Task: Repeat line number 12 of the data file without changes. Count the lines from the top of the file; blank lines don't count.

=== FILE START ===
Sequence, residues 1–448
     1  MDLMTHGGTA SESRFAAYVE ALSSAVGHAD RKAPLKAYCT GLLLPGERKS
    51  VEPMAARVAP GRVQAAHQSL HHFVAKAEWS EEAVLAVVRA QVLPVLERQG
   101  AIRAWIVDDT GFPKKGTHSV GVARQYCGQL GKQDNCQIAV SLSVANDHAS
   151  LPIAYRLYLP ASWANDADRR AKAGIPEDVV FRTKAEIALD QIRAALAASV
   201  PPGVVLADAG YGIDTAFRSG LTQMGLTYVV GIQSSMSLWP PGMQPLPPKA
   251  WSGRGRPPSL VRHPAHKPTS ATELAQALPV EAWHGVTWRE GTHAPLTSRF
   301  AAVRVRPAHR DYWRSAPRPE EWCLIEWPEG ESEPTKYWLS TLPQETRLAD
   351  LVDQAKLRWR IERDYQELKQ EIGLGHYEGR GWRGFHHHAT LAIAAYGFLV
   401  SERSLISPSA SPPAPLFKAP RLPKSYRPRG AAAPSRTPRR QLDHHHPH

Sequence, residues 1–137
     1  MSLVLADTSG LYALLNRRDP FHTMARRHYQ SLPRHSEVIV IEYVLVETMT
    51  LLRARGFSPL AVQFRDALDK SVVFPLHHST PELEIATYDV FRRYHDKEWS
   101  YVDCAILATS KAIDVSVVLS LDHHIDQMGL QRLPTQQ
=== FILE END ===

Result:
     1  MSLVLADTSG LYALLNRRDP FHTMARRHYQ SLPRHSEVIV IEYVLVETMT